Israel Travel Guide
The land of Israel is the heart and soul of three mighty belief systems, Judaism, Islam and Christianity, and one of the oldest settlements on earth. It has been conquered by almost every ancient empire, as well as several modern ones trying to control its deeply religious lands. The State of Israel itself is only 64 years old, but the small country was first inhabited some 50,000 years and its remote, mystical deserts have inspired prophets and religious leaders since time immemorial.
Millions of visitors arrive at Tel Aviv’s Ben Gurion International Airport and include the curious, the devout and those simply searching for the ideal winter sunshine escape. Dozens of ancient sites scattered around Israel are world-famous for their association with iconic events and the settings of religious stories. Jerusalem’s Wailing Wall, the magnificent Dome of the Rock, Bethlehem, Nazareth, the Sea of Galilee, Masada, the Crusader castles, the Mount of Olives and Akko, sacred to the Ba’hai faith, are all intricately connected with the spiritual history of the human race and Western civilization.
For visitors looking for an active vacation, there’s an equally good amount of rock-climbing, hiking, diving, snorkeling, wind-surfing and other water sports at the many beach resorts you may be surprised to find outside of what is usually thought of as just a desert. Floating in the heavily salinated Dead Sea is a unique experience for all. Skiing on the Golan Heights is a popular winter activity, and Tel Aviv is nicknamed ‘the city that never sleeps’ for its vibrant nightlife.
Israelis in general are a boisterous, friendly lot although the reclaiming of their ancient land, the Diaspora millennia and the Holocaust have made them tough, resilient and often uncompromising. Most are intensely proud of their heritage and happy to show it off to visitors through giving advice on travel and the best places to visit. Most destinations, sights and hotels are distinctly family-friendly, and medical care is of high international standard.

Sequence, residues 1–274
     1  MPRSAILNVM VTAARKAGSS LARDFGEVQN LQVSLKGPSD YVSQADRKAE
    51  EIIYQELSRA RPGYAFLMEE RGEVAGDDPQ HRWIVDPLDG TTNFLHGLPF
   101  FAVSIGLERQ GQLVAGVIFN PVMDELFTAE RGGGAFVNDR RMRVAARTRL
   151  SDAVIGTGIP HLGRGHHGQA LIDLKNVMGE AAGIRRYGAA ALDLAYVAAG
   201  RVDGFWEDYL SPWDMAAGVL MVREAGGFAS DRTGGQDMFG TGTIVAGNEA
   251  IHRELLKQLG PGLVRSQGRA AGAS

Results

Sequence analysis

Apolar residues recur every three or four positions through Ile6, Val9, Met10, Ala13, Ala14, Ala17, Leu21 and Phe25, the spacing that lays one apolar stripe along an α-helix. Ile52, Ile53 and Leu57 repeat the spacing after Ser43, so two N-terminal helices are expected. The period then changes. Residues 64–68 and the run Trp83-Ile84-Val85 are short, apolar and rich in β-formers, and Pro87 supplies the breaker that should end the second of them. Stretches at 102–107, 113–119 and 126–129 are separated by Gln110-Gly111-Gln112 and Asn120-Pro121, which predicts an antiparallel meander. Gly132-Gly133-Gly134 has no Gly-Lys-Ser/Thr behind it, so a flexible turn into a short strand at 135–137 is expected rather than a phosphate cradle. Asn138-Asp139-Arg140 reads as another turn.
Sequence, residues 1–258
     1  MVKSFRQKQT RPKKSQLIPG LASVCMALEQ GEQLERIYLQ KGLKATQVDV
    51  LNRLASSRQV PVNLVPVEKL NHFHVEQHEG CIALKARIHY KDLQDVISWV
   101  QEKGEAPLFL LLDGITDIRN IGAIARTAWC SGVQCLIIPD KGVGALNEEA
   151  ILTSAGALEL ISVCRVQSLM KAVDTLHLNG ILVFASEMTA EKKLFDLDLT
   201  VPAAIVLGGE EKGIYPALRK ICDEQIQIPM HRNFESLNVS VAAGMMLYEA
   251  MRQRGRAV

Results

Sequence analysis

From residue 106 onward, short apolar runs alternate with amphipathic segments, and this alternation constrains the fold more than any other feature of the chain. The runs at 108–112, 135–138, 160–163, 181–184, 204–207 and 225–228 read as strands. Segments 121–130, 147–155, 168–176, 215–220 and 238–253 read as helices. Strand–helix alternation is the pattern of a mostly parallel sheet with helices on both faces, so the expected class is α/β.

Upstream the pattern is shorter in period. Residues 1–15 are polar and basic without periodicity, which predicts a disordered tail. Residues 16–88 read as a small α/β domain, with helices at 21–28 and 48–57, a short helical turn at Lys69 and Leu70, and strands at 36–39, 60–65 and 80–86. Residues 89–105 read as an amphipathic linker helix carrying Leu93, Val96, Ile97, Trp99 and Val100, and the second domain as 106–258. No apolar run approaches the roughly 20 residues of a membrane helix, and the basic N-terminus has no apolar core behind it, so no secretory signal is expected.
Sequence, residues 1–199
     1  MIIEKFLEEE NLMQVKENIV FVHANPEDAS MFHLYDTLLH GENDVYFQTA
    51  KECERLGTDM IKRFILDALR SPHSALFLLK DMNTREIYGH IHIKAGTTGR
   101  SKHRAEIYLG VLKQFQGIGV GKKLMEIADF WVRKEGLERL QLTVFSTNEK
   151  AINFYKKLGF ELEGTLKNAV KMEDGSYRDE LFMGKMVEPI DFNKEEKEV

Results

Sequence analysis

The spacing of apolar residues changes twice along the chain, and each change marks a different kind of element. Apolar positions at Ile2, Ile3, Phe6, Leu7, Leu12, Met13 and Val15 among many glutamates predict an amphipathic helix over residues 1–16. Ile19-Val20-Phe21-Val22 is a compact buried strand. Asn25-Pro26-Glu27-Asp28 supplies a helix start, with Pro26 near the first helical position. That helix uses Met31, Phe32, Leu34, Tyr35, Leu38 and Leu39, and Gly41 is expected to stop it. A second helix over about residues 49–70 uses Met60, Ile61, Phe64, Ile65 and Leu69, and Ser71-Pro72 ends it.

Tourist infrastructure in Israel is well-developed and well-run, with luxury spas and upscale resorts springing up all over the country. Accommodation is comparatively expensive, as is fine dining, but does represent a good value for the money except at prime periods like Christmas, when rates skyrocket due to demand outstripping supply. Recent upgrades at most sites have resulted in major improvements in facilities for the disabled, with even the peak of Masada now wheelchair-accessible.
The reasonably priced and efficient bus and taxi travel in large Israeli cities is normally trouble-free, although self-drive is not advised due to impossible parking conditions, strictly-enforced and confusing regulations, crazy local drivers and how easy it is to get lost. However, if you’re planning to tour the Galilee and venture into the desert, it’s essential. Road signs, even in rural areas, are in English, as well as Hebrew and you’ll receive a useful map with your rental vehicle.
- The Holy City of Jerusalem, a cross section of multiple religions
- Masada, the remote, haunting palace/fortress overlooking the Dead Sea
- Capernaum and the Sea of Galilee, scene of several of Jesus’s miracles
- Jerusalem’s Western Wall, known as the Wailing Wall, on the Temple Mount
- The Dome of the Rock with its beauty and Islamic significance
- The Church of the Holy Sepulcher, Christianity’s holiest site
- Caesarea’s magnificent Roman and Crusader ruins
- The Negev Desert and its ancient Nabatean cities